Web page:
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The Eastern Echo Saturday, June 22, 2024 | Print Archive
The Eastern Echo


The origins of Interpol: an interview with Paul Banks

Every band has their own origin story, and Interpol is no different

On September 6th, Smashing Pumpkins came to Pine Knob Music Theatre in Clarkston. They were accompanied by Interpol, an NYC indie rock band who is known for songs such as ‘Evil’ and ‘C’mere.’ This is a band that is a household name in the rock scene, but, in asking people, not many people know that much about them. 

paul banks.jpg

Pictured: Interviewer and Paul Banks

Band Name

In an interview backstage with Paul Banks, the lead vocalist, he says that the band name comes from The International Police Association, also known as Interpol. He describes it as being sleek and mysterious sounding, and it especially worked when they were figuring out their footing with their sound. Banks says, 

“...a big part of it in the beginning, we used to say, in a lot of bands it’s kind of like one guy at the front; but we always felt like a band where it was all the members forward, which kind of evokes that Men in Black, anonymous but shared mission kind of thing.”

Where Interpol Originates from 

While Banks lived in southeast Michigan from ages three to eleven, the band itself had formed in New York City. Banks says, “We met going to NYU, the guitar player, the original bassist, and myself, and our original drummer who then left us in the 90s.”


The band’s sound takes some inspiration from each member’s favored artists. According to Banks, “Our original bassist was a big Joy Division fan…our drummer and myself are big Pixies fans…I’m a big Nirvana fan, the other guys are big The Jam fans. We’re all Sonic Youth fans. It all comes through in some ways.”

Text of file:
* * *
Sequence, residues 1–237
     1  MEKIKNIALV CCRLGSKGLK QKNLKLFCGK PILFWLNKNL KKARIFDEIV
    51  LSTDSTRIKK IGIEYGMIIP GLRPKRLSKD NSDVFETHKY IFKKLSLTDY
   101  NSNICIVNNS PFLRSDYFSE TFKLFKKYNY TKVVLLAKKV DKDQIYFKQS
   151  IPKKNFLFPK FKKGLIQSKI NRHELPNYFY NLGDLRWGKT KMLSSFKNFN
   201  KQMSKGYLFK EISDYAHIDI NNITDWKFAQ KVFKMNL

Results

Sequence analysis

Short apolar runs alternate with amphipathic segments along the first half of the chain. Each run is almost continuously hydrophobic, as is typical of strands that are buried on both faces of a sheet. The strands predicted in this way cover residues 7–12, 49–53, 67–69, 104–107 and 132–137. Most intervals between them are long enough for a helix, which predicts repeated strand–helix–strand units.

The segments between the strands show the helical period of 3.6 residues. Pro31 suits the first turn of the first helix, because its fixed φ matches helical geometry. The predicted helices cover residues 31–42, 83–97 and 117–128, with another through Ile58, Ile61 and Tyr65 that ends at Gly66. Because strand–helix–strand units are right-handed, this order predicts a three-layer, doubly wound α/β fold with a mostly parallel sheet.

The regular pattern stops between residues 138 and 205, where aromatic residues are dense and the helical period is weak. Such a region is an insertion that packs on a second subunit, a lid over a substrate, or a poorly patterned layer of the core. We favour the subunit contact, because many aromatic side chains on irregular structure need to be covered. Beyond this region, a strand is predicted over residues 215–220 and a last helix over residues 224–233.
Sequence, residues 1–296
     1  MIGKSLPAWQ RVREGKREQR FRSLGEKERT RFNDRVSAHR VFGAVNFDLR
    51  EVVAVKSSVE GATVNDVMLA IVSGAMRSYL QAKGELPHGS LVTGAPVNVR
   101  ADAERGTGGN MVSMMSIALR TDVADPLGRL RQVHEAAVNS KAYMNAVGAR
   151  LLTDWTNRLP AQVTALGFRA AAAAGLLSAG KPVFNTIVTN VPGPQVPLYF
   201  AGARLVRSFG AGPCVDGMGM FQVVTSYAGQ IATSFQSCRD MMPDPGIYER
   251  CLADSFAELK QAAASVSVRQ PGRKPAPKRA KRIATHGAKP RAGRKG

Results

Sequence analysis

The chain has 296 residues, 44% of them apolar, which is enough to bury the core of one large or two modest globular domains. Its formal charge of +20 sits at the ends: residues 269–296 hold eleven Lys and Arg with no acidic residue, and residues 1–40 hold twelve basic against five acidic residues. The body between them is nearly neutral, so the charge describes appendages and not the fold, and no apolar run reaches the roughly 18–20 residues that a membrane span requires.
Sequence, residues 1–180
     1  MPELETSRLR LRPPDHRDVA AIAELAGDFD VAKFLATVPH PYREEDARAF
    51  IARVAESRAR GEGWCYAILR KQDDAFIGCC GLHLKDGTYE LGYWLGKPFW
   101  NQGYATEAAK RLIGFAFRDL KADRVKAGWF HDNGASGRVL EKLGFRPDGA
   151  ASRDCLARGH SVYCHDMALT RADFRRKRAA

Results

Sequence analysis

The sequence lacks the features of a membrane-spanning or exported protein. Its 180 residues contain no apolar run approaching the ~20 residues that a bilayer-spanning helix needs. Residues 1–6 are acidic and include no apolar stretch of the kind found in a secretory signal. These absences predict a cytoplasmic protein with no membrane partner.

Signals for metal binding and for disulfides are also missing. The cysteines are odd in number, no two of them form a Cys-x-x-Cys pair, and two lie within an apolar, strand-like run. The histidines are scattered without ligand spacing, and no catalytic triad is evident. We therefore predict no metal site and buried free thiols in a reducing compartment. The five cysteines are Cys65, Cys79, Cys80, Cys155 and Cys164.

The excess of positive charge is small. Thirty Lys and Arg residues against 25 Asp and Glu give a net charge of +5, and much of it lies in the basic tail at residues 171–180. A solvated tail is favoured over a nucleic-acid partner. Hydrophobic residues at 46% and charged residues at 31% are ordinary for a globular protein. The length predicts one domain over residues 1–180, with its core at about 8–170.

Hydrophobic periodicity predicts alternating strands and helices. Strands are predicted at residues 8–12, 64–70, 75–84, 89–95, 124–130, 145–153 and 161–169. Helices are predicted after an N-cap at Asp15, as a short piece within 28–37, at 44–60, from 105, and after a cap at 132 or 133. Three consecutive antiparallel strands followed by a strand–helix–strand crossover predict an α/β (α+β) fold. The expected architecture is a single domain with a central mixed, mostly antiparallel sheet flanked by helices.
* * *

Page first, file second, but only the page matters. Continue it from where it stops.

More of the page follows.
The band takes influence from some alternative rock bands from the 80s and early 90s, but all in all their sound is unique. 

What sets them apart from other bands 

Banks does not think of it in the way of competitiveness with other bands, but rather self expression and enjoying creating music. “It’s what makes a band a band.” 

“It’s hard to say. Like we have distinct attributes but I often find it like I wouldn’t want to say them.” In a way, he is saying that he does not want to compare themselves to another band since it is not competitive in his eyes. Each band has something special about them in one way or another. 

What to take away from Interpol’s music 

Banks prides himself in being able to write lyrics that don’t feel empty. He talks about how some of the more popular songs tend to stay in these safe guidelines, and how his goal as a lyricist is to write something “f*cking weird.” He wants to take the ‘top forty’ template and flip it on its head. 

As for the music, 

“The other guitar player writes the chord progressions historically that become our songs, and he puts a lot of emotion in the chord progressions. I feel that, our music, when you’re not even listening to vocals, I think it delivers a big emotional punch to a lot of people.”

He describes the music as something that can stand on its own and still have a lasting impact. A lot of work goes on both musically and lyrically that lets the band have their own sound.

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Source: Interview with Paul Banks (Interpol). Interviewer: Kasper Mielke

Interpol’s recent record: